Currently, the most successful learning models in computer vision are based
on learning successive representations followed by a decision layer. This is
usually actualized through feedforward multilayer neural networks, e.g.
ConvNets, where each layer forms one of such successive representations...
However, an alternative that can achieve the same goal is a feedback based
approach in which the representation is formed in an iterative manner based on
a feedback received from previous iteration's output. We establish that a feedback based approach has several fundamental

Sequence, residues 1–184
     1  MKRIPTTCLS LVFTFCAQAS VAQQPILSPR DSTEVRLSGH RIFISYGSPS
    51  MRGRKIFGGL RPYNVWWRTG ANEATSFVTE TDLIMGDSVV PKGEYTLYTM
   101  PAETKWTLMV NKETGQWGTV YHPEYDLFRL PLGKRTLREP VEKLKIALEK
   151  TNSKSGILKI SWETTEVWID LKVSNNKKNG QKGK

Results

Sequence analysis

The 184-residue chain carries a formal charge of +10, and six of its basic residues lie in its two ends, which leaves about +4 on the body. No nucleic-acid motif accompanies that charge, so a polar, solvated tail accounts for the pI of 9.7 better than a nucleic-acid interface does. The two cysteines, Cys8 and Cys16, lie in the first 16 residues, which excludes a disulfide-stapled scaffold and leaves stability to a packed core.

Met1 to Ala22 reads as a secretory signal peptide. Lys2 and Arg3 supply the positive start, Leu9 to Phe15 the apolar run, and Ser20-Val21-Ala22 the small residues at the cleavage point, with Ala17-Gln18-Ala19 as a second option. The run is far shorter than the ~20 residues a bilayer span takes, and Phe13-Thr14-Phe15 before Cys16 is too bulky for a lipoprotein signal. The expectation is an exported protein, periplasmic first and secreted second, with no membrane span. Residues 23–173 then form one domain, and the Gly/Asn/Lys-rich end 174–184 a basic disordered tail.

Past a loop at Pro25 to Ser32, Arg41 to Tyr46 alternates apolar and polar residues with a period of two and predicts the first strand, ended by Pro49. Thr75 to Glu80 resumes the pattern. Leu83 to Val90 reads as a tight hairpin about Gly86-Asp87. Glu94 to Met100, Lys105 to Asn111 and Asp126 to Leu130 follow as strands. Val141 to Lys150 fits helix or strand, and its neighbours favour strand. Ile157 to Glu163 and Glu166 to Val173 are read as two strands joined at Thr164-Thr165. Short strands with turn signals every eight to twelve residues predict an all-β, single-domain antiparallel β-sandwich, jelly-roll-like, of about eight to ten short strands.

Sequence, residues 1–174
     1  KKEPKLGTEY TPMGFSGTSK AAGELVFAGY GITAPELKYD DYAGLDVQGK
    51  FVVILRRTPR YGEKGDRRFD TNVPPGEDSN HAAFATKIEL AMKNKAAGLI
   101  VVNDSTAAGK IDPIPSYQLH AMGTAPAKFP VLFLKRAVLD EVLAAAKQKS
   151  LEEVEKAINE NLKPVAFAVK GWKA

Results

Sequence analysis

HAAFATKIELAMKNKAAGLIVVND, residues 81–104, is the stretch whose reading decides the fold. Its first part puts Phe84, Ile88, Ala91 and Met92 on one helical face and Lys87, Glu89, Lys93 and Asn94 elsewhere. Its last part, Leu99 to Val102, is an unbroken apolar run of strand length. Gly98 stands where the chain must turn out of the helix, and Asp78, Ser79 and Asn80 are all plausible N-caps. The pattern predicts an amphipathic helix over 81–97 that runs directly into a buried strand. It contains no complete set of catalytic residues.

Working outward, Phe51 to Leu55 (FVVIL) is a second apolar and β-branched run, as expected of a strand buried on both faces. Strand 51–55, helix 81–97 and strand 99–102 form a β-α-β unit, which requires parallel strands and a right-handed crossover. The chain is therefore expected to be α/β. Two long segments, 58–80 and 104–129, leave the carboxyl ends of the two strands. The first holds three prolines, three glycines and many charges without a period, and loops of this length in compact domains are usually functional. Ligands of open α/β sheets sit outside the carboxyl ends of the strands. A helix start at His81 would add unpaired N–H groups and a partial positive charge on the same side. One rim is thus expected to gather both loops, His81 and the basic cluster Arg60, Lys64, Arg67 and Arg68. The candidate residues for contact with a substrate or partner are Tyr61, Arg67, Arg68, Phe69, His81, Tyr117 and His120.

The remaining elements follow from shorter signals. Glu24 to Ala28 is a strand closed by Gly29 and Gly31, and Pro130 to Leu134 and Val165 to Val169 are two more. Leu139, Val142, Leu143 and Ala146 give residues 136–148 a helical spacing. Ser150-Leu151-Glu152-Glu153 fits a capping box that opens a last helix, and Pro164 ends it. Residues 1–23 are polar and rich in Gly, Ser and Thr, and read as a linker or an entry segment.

advantages over feedforward: it enables making early predictions at the query
time, its output naturally conforms to a hierarchical structure in the label
space (e.g. a taxonomy), and it provides a new basis for Curriculum Learning. We observe that feedback networks develop a considerably different
representation compared to feedforward counterparts, in line with the
aforementioned advantages. We put forth a general feedback based learning
architecture with the endpoint results on par or better than existing
feedforward networks with the addition of the above advantages. We also
investigate several mechanisms in feedback architectures (e.g. skip connections
in time) and design choices (e.g. feedback length). We hope this study offers
new perspectives in quest for more natural and practical learning models.